With goals to increase the bicycle’s modal share to 16 percent by 2025, Oslo’s strategy will be to invest Kr13.8 billion (over $2 billion or £1.41 billion) to create a network of 510km of cycling infrastructure.
Sitting at the head of the Oslo Fjord, Aftenposten.no reports that Norwegian capital has discarded an old plan detailing just 180km of cycle routes, which should have been completed several years ago but has hit delays. Once completed, the updated network will place 85% of citizens within 200 metres of a cycle path.
Set to be delivered in two phases, the first will cost Kr4.6 billion and deliver 80km of path to be delivered by 2025. The second phase has a rough estimate of Kr9.2 billion. 6 in 10 will live within 200 metres on completion of phase one.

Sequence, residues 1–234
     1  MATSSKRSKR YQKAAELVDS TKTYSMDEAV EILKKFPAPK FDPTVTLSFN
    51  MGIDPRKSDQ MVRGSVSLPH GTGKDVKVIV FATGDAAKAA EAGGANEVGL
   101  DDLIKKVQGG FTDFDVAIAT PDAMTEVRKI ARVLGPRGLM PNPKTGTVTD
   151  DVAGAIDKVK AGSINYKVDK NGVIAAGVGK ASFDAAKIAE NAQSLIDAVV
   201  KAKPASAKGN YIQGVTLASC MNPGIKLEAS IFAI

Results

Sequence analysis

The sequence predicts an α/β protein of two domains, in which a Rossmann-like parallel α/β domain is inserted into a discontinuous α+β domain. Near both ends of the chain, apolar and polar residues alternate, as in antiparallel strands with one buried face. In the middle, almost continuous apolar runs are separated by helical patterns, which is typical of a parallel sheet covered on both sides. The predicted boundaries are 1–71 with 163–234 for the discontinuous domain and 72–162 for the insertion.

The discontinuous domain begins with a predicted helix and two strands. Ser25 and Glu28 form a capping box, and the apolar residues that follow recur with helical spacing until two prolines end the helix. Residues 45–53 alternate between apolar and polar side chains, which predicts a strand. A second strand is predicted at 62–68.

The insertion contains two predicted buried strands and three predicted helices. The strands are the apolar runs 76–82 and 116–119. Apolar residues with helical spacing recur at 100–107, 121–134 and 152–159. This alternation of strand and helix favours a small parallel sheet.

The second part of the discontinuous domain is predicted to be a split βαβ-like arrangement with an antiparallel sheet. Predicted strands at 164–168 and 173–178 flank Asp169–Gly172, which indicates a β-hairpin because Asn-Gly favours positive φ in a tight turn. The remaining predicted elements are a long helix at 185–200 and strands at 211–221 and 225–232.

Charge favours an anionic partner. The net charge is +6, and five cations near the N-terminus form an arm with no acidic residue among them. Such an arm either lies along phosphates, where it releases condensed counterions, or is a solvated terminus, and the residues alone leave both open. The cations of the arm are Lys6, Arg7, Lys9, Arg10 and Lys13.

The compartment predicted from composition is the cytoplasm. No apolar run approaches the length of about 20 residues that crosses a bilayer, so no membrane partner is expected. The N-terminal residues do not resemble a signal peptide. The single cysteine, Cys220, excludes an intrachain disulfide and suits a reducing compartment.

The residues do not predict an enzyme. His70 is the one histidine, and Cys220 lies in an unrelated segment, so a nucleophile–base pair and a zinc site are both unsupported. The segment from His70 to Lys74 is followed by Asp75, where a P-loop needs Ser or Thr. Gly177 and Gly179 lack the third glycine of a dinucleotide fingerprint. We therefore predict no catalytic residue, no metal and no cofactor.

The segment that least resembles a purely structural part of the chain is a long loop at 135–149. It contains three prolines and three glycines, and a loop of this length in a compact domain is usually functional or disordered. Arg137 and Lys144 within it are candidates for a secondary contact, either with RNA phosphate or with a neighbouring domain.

Within the inner city, eight key routes will cover 50 km and will form key commuter arteries. The announcement adds that the bulk of these will be suitable for riders aged 2 to 80 years, suggesting that these will be segregated from traffic flows.
Of the total network, Oslo’s city council will construct 375km of the total, with the Norwegian Public Roads Administration adding a further 135km.
Earlier this year Norway published a national transport plan which proposed a $184 a head spend on the country’s five million strong population.
To read the full story, click here.
This article has now joined our series on key cities developing their cycling credentials around the globe.
(Image via Oslo NPRA.)